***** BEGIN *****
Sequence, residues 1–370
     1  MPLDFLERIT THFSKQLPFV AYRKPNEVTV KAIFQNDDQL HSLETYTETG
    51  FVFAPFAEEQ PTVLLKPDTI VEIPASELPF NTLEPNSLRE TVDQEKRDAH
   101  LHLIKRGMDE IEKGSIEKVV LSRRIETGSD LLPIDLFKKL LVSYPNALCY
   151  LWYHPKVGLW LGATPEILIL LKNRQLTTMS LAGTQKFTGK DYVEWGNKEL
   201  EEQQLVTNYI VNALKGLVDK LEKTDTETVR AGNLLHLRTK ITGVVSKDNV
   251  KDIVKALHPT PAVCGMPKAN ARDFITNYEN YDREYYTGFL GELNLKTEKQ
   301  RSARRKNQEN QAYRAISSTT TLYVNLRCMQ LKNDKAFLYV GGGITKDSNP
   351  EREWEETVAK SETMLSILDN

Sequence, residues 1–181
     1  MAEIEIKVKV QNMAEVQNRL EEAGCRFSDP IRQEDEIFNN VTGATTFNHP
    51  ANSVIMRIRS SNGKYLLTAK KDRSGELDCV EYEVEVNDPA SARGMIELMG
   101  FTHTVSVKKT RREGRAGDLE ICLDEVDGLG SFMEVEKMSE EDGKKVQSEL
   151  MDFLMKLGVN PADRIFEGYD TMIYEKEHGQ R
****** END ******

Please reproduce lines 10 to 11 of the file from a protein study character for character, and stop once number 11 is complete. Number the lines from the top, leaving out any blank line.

Sequence, residues 1–181
     1  MAEIEIKVKV QNMAEVQNRL EEAGCRFSDP IRQEDEIFNN VTGATTFNHP